The Chinese telecom giant, Huawei says its revenue saw a 2.2 percent fall in the first nine months of the year amid the global economic slowdown, China covid restrictions, and most significantly, US sanctions. Apart from being the “leading global provider of information and communications technology (ICT) infrastructure and smart devices”, Huawei is the world’s biggest manufacturer of network gear for phones and internet carriers.
According to figures released by the Chinese tech brand, the company’s revenue during the first nine months of the year amounted to CNY 445.8 billion (which is nearly Rs. 5,07,400 crore), and by the numbers released earlier, the third-quarter revenue supposedly rose by 6.5 per cent from a year ago to CNY 144.2 billion (which is nearly Rs. 1,64,100 crore).
As per a statement released by the company, Huawei’s profit margin was 6.1 per cent for the first nine months of this year. This reportedly amounts to CNY 27 billion (which is nearly Rs. 30,700 crores). The company also specified that the figure was a clear decline from its previous year’s numbers. However, no specific figures of the difference were shared in the statement.
In the same statement, Eric Xu, one of the three Huawei executives who take turns as chairman, said, “The decline in our device business continued to slow down, and our ICT infrastructure business maintained steady growth.” He further added, “The overall business performance is in line with forecast.”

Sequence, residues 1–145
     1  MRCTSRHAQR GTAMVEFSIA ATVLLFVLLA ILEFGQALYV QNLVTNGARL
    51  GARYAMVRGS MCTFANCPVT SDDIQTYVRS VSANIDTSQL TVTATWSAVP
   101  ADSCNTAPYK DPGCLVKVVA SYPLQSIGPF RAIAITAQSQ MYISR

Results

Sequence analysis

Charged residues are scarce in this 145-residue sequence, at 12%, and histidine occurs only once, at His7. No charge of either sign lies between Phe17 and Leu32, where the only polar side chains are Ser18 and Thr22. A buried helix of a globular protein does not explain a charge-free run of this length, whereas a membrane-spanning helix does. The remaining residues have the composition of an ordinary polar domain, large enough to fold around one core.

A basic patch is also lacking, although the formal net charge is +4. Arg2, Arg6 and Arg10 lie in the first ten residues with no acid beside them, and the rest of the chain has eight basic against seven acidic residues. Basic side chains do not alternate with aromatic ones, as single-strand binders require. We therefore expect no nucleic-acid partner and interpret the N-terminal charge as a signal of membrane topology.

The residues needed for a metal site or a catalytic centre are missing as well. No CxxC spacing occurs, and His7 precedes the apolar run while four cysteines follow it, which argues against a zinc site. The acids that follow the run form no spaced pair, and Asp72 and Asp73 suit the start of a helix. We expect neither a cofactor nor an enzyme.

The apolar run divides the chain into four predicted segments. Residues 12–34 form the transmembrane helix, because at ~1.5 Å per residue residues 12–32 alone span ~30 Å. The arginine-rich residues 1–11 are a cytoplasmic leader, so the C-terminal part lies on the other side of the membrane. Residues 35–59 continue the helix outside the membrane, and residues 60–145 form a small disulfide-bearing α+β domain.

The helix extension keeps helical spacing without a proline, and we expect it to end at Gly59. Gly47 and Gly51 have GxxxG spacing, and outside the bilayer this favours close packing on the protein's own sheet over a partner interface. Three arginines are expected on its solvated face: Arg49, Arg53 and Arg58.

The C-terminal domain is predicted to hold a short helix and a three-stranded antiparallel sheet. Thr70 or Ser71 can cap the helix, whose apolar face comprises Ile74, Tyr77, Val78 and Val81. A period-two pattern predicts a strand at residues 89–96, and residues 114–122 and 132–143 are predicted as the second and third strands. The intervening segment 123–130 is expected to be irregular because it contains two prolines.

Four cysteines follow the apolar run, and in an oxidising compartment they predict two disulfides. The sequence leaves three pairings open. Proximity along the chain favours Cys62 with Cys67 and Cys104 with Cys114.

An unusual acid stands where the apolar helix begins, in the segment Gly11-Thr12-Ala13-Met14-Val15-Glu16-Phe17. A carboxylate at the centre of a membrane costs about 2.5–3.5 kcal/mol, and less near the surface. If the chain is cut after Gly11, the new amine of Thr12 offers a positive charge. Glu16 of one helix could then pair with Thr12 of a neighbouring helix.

While speaking to the international media, a company official spokesperson talked about the revenue update and revealed, “Our device business was impacted by Covid-19 and the global economic downturn.”
In a separate statement, China’s first global tech brand revealed more concerns when it mentioned that the current year “may prove to be the most challenging for smartphones and other devices.” However, here too the company refrained from sharing any more details.
The tech company has been facing tough times since then US President Donald Trump blocked it from US technology such as chips in 2019. America has been accusing the company of facilitating Chinese spying through its products and services, a charge that Huawei has categorically denied.
After US President Joe Biden took over, the pressure on the Chinese tech company has only doubled with the US Chip Act, the legislation “threatens Huawei’s access to global semiconductor supply chains.” Following the United States, Huawei’s 5th Generation wireless technology has also been banned in countries such as Britain and Japan citing security issues.
The Shenzhen-headquartered company has since intensified the development of network technology for various other categories of products such as auto, mines, hospitals, and manufacturing units. According to company officials, the business of Huawei is less impacted by US sanctions ever since.
Huawei’s auto venture has been instrumental in the launch of the five models by three Chinese automakers. The company is supplying software and various important components for navigation, managing vehicle systems, dashboard displays and other services.
Meanwhile, in completely separate news, the American hand drive manufacturer Seagate has revealed that the US government has warned the company as it believes Seagate has violated the export controls laws by selling hard drives to Huawei. Seagate however denies violating any laws by supplying hard drives to the Chinese tech company as the transaction was performed as per laws.